Is there any anatomic justification for partial esophagectomy in cancer of the cardia?
R. Sarrazin (Grenoble)
When confronted with cancer of the cardia, some tend towards total esophagectomy. For others, the gastric resection overlaps more or less largely on the lower esophagus.
Do the anatomy of the cardia and the pattern of extension of the cancer justify one or the other of these attitudes?
The cardia is a morphologically badly defined region: at the junction of the esophagus and the stomach, the cardia is not a borderline: its exterior aspect spotted through the angle of His and the endoluminal level are not corresponding.
On the morphological level [1-4], the only important difference is the structure of the mucosa, white pink on the esophageal side, salmon coloured on the gastric side, with a sharp limit the Z line. But there is no anatomical barrier which could condition a different pathological behavior on the upper level or on the lower level (Figure 1).
The mucosa, with overlying squamous mucosa little or not secreting at its upper part, is secreting on the lower level because of the abundance of cardiac type glands diffusely scattered in the lamina propria. However, nothing hinders diffusion of the carcinomatous process upward or downward (Figure 2).
The muscularis mucosae gets thicker toward its end, and on the gastric level.
The submucosa, loose connective tissue containing vessels, nerves, fibers, lymphatics, is as rich in both organ, and is perfectly uninterrupted.
The two-layers muscular coat at the esophageal level is more complex on the gastric side, but does not individualize the sphincterian process which is manometrically defined. The longitudinal layer is in continuity with the outer longitudinal layer of the stomach, while the circular layer continues over the stomach, dividing to form the middle circular and inner oblique muscle layers.
The serosa has no specific characteristic at any level.
One thus has to study the role played by the vascular and lymphatic system in the upward extension of a malignant process, and to imagine an hypothetical limit.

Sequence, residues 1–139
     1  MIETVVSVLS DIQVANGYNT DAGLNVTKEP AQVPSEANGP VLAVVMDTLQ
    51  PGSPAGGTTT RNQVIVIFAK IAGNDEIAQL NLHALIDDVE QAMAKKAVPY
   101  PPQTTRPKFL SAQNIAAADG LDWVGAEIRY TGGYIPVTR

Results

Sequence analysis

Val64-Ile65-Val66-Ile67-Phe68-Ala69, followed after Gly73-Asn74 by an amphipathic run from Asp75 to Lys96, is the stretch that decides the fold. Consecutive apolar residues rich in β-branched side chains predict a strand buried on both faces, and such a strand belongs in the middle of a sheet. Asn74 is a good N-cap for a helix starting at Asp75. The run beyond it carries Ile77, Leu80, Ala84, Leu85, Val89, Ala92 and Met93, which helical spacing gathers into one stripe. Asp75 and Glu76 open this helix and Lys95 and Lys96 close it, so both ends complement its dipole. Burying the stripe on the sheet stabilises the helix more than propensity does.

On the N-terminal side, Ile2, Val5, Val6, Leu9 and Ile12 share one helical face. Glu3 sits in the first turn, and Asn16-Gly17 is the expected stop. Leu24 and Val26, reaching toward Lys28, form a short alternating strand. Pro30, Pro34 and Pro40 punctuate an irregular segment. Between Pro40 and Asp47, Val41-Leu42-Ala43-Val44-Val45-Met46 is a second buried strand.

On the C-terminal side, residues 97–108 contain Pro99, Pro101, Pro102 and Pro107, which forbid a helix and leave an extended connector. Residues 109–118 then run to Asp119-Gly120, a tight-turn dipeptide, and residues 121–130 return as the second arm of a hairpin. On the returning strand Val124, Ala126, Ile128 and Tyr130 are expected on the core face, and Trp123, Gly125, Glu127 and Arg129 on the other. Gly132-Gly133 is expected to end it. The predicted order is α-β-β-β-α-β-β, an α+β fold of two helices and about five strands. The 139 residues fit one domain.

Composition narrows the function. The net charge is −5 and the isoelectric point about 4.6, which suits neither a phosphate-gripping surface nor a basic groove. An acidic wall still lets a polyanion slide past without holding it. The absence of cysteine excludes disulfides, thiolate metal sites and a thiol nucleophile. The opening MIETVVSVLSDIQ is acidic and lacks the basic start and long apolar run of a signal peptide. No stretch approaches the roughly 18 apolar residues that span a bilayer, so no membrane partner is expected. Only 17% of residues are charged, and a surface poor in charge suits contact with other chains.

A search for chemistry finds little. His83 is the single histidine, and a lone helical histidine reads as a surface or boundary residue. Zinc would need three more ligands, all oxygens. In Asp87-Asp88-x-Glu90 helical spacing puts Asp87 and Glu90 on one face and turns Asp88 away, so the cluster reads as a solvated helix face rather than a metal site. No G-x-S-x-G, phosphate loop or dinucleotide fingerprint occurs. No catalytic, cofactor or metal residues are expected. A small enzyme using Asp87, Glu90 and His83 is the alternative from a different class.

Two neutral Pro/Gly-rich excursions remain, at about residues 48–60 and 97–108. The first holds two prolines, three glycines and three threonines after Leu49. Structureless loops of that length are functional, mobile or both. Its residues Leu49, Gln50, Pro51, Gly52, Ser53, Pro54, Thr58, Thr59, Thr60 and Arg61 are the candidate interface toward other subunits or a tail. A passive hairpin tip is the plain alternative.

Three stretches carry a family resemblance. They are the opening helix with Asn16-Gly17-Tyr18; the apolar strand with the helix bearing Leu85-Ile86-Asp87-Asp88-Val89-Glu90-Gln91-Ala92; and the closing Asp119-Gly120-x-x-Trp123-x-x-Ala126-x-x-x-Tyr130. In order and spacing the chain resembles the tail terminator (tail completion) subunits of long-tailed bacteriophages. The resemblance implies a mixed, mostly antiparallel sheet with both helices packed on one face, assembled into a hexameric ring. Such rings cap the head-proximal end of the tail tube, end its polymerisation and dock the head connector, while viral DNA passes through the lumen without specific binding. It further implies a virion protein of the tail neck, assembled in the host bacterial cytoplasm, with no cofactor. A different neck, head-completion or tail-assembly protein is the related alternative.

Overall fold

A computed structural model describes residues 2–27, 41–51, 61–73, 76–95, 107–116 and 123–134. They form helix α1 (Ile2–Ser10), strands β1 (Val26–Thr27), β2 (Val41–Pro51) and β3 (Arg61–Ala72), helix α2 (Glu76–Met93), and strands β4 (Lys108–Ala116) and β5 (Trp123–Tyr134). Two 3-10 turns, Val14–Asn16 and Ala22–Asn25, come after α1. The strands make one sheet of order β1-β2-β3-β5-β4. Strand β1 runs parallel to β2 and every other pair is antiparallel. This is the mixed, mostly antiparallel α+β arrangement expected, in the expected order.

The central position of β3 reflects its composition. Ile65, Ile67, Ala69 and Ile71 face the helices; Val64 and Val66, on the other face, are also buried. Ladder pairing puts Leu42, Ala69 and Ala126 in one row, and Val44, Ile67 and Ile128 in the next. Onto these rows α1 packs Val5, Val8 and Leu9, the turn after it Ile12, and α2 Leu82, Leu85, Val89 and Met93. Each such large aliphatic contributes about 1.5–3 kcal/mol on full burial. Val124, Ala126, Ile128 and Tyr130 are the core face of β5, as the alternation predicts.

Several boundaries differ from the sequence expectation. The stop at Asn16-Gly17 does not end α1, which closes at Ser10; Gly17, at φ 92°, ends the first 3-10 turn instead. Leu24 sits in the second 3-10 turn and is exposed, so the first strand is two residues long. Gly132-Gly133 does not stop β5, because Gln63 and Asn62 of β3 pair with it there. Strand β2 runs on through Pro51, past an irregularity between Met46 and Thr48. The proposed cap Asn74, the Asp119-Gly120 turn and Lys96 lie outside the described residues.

Figure 1. Axial section of the gastroesophageal junction from Petersen (in Policard). 1. Esophageal epithelium.
2. Cardial type glands. 3. Lymphoid islet. 4. Gastric glands.
Figure 2. Schematic histological section of gastroesophageal junction.
Apparently, the lower esophagus benefits from the same portal drainage as the stomach, and though the upper esophagus is drained by the systemic system, there is no separating line between the flows of the two systems. The caval and portal systems communicate through the veins within the submucosa. The extension of the tumoral process by venous paths cannot be controlled surgically.
The lymphatics are originating from mucosal, submucosal, muscular and subserous networks, which are all anastomosed together in the thickness [5, 6]. These networks drain in epivisceral gastric and esophageal lymph nodes, and are connected with the regional upper or under diaphragmatic nodes.
The risk arises when carcinoma reaches those networks: because of their anastomosis and drainage in the collectors, they allow extension only from one to the next, upward as well as downward, without any morphological abnormality existing on the surface.
Thus, where must one cut the esophagus? Of course, above the superior limit of the palpable and visible tumor, invading a few millimeters, even a few centimeters of the lower esophagus. Each one evaluates the safety limit according to the circumstances (6, 8, 10 cm) and cuts above... [7-11] or inside (Table I), or under the last higher located lesion , whether it be the suffused colonization of the submucosa or of all the esophageal layers, or submucosal metastases or resurgences [12, 13]. The recurrence rate after partial esophagectomy is 25% in cases of resection made 2 cm above the lesion, 15% when it bypasses it by 5 cm, 7% when it bypasses it by 10 cm . The study of the esophageal section cut shows that it is invaded in 4.5 to 36% of the cases (Table II).
When a "total" esophagectomy is performed, the anatomic study of the operative specimens shows 7% (H.U. Sons), 12% (Neuberger)  and, personally, 13.9% of submucosal localizations from 2 to 12 cm above. These recurrences depend of course on the lymph node invasion .
The histological lymphatic invasion can, by no means, be foreseen from morphological findings. Moreover, the existence of long collectors distort the gradual propagation, some of them going straight from the cardia to the tracheal bifurcation, and even further.
Thence, it is difficult to justify a partial resection of the esophagus, even if the results are not worse than those of total esophagectomy.
5. Sarrazin R, Voilin C, Bacle B, Dyon JF. L'Anatomie du drainage lymphatique de l'sophage et sa lymphologie sont encore mal connues. In : Giuli R, ed. Les cancers de l'sophage en 1984. 135 questions. Paris: Maloine, 1984.
9. Ribet M, Quandalle P, Wurtz A, Pavy G, Giard-Lefevre S, Desbrueres B. Résultats du traitement chirurgical de l'adénocarcinome du cardia en fonction de l'étendue de l'exérèse. Ann Chir 1987;41,1:5-10.
10. Sauvanet A, Berthoux L, Gayet B, Fléjou JF, Belghiti J. Adénocarcinome du cardia: l'étendue de l'exérèse gastrique et du curage ganglionnaire influence-t-elle la survie ? Gastroenterol Clin Biol 1995;19,3 :244-251.
12. Clark GWB, Peters JH, Ireland AP, Ehsan A, Hagen JA, Kiyabu MT, Bremmer CG, De Meester TR. Nodal metastasis and sites of recurrences after en bloc esophagectomy for adenocarcinoma. Am Thorac Surg 1994;58:646-654.